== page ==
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How I finished my endless reading list

I keep all my reading list on Pocket, which is a great app for that. I got the Chrome extension, mobile app and even an integration on IFTTT that saves all my liked tweets to Pocket.

This is very convenient, but there is an obvious problem: I ended up with tons of things to read, which made me quite frustrated.

“I will never finish reading all of this.”

This obviously couldn’t go on forever. Maybe it was Fear of Missing Out or maybe recklessness.

I gave it some thought and came up with a solution, and then in around a month I basically got my “pocket inbox” to zero. How did I do that?

Definitely, not by reading all of them.


Understanding why

First thing I convinced myself of is that, if something is really important and I should know about it, then eventually I will know about it.

If some hot startup launched yesterday, or a new framework for my favorite programming language was just released, do I really have to know about it right now? Unless that’s my goal, then probably not.

Second thing was that, I wouldn’t be able to read about all sorts of subjects anyway. I had to focus.


This was the toughest step. There were so many interesting topics that would be cool to get to know more but I had to let go somehow.

To help with my focus, I adapted the 100-10-1 method for my use case.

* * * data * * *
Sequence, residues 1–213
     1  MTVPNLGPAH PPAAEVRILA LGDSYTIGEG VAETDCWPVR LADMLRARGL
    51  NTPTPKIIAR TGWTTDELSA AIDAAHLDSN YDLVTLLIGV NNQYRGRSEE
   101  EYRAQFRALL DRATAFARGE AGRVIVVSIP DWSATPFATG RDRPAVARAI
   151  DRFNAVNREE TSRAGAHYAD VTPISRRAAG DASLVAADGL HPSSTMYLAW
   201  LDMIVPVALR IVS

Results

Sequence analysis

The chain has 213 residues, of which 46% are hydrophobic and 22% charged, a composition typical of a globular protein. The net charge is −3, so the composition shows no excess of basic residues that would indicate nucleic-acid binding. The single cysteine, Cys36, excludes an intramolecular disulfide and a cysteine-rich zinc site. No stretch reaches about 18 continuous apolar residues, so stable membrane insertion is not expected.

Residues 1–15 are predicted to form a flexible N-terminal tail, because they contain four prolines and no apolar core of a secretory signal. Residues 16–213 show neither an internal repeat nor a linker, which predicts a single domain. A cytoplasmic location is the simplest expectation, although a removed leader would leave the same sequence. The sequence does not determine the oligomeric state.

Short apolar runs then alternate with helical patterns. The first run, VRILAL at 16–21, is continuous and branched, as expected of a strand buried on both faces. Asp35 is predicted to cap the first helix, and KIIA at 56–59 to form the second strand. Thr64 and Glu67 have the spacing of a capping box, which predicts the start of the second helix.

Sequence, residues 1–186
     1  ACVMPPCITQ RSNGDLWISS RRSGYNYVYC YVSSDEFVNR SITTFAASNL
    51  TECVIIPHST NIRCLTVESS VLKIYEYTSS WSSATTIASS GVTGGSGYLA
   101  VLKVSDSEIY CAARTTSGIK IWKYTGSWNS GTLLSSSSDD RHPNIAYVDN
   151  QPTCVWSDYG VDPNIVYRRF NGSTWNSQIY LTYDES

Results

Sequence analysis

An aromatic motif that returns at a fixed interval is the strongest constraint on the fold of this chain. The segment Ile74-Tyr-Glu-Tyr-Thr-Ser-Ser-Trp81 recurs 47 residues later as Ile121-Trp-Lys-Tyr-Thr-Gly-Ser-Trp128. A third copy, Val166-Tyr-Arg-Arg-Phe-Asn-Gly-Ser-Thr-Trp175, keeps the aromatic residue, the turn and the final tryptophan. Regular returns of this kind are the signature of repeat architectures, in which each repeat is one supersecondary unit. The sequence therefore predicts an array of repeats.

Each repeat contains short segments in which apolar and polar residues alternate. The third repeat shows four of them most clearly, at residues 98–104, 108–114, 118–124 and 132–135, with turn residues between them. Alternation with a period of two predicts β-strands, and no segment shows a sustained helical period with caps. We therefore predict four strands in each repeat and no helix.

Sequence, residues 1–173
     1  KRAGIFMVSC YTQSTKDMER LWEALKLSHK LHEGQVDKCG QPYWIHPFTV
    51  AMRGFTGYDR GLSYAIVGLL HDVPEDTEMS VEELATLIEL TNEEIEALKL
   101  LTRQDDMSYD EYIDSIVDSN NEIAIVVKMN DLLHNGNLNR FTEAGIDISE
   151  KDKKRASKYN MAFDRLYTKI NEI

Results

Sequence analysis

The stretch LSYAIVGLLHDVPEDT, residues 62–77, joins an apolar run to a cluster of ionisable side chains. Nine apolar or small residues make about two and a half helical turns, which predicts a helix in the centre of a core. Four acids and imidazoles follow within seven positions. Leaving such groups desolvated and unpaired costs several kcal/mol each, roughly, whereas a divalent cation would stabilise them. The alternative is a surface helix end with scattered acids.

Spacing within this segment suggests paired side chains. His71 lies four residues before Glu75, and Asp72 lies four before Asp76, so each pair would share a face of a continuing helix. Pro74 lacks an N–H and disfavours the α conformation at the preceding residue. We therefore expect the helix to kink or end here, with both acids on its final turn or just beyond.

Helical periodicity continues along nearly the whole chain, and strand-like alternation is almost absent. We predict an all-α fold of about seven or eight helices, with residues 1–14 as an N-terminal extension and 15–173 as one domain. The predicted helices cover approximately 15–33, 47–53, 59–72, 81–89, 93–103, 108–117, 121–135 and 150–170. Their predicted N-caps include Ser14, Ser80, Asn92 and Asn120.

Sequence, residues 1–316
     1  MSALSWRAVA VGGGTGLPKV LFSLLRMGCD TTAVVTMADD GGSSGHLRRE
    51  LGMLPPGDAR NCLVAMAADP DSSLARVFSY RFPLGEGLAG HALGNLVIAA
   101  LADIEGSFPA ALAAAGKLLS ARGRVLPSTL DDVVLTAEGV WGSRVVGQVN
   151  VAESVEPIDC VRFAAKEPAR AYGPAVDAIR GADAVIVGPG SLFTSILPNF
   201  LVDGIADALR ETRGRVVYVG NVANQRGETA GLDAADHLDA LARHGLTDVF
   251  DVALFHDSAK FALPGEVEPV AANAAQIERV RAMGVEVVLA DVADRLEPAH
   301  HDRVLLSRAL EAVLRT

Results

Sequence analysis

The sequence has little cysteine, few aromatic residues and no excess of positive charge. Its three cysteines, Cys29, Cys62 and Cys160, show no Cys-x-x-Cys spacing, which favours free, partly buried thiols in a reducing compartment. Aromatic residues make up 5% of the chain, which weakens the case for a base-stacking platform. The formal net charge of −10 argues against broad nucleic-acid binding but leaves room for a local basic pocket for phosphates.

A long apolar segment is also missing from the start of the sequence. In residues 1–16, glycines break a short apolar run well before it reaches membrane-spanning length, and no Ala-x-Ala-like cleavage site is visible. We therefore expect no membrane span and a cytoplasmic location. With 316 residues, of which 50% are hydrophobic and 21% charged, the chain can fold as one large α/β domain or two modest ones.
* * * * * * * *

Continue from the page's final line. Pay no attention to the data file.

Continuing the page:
I created few to-do lists divided by topic, like Books, Movies, “To Learn”, Side Projects and so on.

Most of my items in Pocket fell into topics for “To Learn” bucket. I went through all of the topics there, choose 3 that I was mostly interested in, and spent around 1 week reading more about each of them.

In the end, I had made my only choice(s). I had one topic to learn, one book to read, one side project and so on.

Delete it!

That was the easy part!

Now that I was sure of what I wanted to focus, I was free to ignore things I didn’t care about so much.

I went through Pocket, ordered things by the oldest and for each article, few things could happen to it:

  1. It was on the topic that I wanted to focus, so I kept it;
  2. It was not my focus, but it was on my to-do list, so I saved on the to-do list;
  3. I had no idea why I saved it, so I deleted it;


At some point, when I was reaching nearly “inbox zero”, I went back to my list to re-prioritize it. At least for me, it’s fascinating how the priority changes as the time passes.

For example, I could be quite excited about Machine Learning three months ago, but not so much right now, so that’s going to get a lower priority.


That made me reach zero items on Pocket to read 😅!

I am still interested on learning various topics, reading tons of books and building many side projects. They’re still there in my list and will come back and re-prioritize them.

How about you? Do you also have a long reading list? Let me know in the comments!

Have a nice week!

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